Methods

A pre-test and post-test instrument was developed and reviewed by Extension Educators involved with the camp. The evaluation instruments were designed specifically to measure and document changes in camp participant’s knowledge and understanding of curriculum objectives, and also, changes in attitudes/behaviors related to rangeland issues.

The pre-test and post-test instruments contained 34 similar closed-end questions (multiple choice and true/false/don’t know) relating to the camp curriculum objectives. These instruments were utilized to measure changes in knowledge and understanding. In addition, the post-test instrument contained five Likert-type scale questions ranging from 1 – strongly disagree to 5 – strongly agree to determine changes in behaviors and/or attitudes towards rangeland issues. Quantitative results were summarized using percentages for changes in knowledge (Figure 1), and mean averages for indicating changes in behaviors/attitudes (Table 2).

 

Figure 1. 2009 youth range camp evaluation of knowledge gained.

 

Table 2. 2009 youth range camp evaluation of changes in behaviors/attitudes on rangeland issues.

On a scale of 1-5  (1 = Strongly Disagree, 5 = Strongly Agree), N=28

Questions: Average Score

The Nevada Youth Range Camp has increased my interest in  studying "Range Management" in college?

3.85

Would you recommend to your friends to attend the  Nevada Youth Range Camp?

3.92

My appreciation of Nevada’s rangelands has improved?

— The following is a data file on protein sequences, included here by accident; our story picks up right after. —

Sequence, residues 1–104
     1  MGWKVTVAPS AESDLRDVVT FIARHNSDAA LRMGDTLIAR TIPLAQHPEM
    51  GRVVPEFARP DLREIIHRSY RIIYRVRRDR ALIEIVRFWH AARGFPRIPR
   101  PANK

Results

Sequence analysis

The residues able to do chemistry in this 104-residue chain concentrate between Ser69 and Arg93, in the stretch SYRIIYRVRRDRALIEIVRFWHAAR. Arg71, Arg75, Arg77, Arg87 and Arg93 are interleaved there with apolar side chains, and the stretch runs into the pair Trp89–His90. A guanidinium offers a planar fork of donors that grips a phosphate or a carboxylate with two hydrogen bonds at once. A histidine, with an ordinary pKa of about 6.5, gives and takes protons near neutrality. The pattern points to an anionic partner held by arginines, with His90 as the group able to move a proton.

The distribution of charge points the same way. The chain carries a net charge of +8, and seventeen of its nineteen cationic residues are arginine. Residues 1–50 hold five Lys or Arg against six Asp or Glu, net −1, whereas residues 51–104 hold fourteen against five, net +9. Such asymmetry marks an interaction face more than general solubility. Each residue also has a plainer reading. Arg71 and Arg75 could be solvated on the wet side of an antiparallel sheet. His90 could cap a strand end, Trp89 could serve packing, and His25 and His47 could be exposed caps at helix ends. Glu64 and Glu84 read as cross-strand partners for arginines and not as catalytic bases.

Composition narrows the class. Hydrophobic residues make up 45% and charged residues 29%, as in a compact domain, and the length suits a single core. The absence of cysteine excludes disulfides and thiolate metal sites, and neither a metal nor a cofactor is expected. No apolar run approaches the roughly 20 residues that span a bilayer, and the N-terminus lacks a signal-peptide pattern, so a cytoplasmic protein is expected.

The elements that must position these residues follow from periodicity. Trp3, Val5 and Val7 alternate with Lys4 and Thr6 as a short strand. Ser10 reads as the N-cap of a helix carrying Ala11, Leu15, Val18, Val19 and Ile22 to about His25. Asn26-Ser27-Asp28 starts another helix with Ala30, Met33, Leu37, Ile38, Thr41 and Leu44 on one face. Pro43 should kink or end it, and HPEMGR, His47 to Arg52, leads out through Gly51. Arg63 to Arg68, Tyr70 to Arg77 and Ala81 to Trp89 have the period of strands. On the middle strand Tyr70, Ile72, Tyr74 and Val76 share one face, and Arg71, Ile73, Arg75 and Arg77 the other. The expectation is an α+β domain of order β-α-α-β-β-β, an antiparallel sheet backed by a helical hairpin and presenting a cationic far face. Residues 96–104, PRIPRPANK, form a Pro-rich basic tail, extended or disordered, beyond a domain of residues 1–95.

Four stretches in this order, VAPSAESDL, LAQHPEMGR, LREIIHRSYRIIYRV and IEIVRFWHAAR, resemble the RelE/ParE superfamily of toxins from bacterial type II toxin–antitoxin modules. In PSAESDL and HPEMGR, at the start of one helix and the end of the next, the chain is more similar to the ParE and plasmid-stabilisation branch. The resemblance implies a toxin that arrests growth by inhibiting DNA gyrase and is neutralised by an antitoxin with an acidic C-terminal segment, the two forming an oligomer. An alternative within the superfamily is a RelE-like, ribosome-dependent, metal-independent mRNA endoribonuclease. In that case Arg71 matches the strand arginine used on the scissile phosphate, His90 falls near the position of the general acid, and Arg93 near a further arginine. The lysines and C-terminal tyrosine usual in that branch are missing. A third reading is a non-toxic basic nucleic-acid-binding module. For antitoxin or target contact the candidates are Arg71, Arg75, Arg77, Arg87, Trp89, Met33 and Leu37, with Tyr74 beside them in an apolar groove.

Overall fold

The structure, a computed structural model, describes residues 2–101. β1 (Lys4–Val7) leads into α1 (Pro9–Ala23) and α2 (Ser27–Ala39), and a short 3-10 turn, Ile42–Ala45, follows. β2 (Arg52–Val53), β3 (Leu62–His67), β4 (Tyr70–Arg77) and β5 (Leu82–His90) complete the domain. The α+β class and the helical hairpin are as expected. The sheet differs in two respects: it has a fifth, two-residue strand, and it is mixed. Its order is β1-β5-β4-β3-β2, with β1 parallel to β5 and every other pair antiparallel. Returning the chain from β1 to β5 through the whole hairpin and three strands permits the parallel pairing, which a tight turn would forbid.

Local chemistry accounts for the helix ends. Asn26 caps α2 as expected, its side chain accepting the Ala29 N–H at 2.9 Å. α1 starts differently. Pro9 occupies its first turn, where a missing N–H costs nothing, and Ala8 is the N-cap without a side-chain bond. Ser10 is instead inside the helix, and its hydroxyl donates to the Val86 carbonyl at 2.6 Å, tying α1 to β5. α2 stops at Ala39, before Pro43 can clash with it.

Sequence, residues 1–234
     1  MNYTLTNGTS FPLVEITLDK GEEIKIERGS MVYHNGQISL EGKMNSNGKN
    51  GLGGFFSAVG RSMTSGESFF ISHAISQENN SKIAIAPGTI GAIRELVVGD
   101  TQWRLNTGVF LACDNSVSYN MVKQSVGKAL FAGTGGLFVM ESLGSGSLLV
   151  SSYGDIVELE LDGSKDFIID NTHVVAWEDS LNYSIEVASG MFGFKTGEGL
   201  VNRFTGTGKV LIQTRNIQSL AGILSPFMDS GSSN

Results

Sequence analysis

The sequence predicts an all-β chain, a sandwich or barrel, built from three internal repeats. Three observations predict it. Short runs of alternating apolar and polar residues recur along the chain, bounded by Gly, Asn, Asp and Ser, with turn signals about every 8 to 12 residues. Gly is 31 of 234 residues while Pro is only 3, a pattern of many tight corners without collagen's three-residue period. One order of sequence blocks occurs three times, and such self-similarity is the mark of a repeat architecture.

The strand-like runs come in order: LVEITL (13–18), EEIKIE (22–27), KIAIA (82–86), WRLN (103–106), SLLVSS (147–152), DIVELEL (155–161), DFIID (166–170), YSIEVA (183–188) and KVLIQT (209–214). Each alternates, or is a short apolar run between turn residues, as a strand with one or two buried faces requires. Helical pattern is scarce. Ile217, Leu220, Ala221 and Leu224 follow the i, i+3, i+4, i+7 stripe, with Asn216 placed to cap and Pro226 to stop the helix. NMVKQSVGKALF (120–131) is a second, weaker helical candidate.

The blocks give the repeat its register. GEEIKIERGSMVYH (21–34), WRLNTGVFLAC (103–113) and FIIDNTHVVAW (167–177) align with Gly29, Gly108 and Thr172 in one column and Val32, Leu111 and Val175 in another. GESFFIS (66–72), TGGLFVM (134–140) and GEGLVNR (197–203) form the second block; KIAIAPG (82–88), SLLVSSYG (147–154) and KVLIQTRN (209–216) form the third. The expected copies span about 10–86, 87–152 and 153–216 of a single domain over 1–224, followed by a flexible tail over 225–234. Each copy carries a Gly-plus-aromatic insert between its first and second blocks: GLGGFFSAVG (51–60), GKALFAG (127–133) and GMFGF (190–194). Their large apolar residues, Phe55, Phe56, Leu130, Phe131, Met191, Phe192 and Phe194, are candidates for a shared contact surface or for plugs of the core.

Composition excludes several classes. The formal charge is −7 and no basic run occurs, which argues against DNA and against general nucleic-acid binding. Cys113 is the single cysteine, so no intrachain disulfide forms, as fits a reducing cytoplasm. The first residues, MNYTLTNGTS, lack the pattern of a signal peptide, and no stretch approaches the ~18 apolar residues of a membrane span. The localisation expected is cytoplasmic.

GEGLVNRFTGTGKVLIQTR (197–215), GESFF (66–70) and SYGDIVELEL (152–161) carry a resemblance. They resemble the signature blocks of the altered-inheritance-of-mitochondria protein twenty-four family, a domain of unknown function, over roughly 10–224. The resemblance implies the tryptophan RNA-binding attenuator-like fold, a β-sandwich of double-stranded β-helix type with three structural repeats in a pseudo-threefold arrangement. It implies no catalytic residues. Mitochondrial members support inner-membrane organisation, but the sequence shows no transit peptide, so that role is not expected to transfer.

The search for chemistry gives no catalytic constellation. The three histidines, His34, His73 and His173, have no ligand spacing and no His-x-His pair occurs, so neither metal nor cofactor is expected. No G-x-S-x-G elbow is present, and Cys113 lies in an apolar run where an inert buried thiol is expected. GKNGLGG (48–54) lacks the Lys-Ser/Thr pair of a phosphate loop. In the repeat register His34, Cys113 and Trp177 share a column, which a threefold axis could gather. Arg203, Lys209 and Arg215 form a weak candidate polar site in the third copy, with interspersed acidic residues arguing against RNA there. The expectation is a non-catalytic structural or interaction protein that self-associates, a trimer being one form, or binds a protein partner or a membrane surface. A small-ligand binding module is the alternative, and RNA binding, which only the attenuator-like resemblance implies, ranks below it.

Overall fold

4.42

Because of what I learned at Range Camp I am more willing to attend a public meeting about the management of Nevada’s rangelands?

3.38

After attending the Nevada Youth Range Camp, if you are provided the opportunity to write a report or assemble a project in your high school science classes, are you more or less likely to select a topic or issue related to Nevada’s rangelands?

3.85

 

Results

An increase in knowledge was evident in all areas tested, ranging from 10-54 percent increase between pre-test and post-test scores (Table 3).

 

Table 3. Percentage change between pre-test and post-test of curriculum objectives.

Subject Area Tested

% Change

Rangeland Management

+30%

Land Navigation

+17%

Rangeland Soils

+49%

Water Quality

+54%

Rangeland Plants

+31%

Proper Function Condition of Riparian Areas

+10%

Wildlife Habitat

+17%

 

The evaluation of behavior and attitude change of camp participants were rated on a Likert scale of 1-5, (1 = Strongly Disagree, 5 = Strongly Agree). All questions received an average score of 3.38 or higher, with a range of 3.38 to 4.27.  The most significant indication of attitude change was that Camper’s appreciation of Nevada’s rangelands was improved by attending camp, as indicated by an average mean score of 4.27. Indications of behavioral changes were implied by responses to “The Nevada Youth Range Camp has increased by interest in studying range management in College,” and “After attending the Nevada Youth Range Camp, if you are provided the opportunity to write a report or assemble a project in your high school science classes, are you more or less likely to select a topic or issue related to Nevada’s rangeland?” which both received an average mean score of 3.85.

Conclusion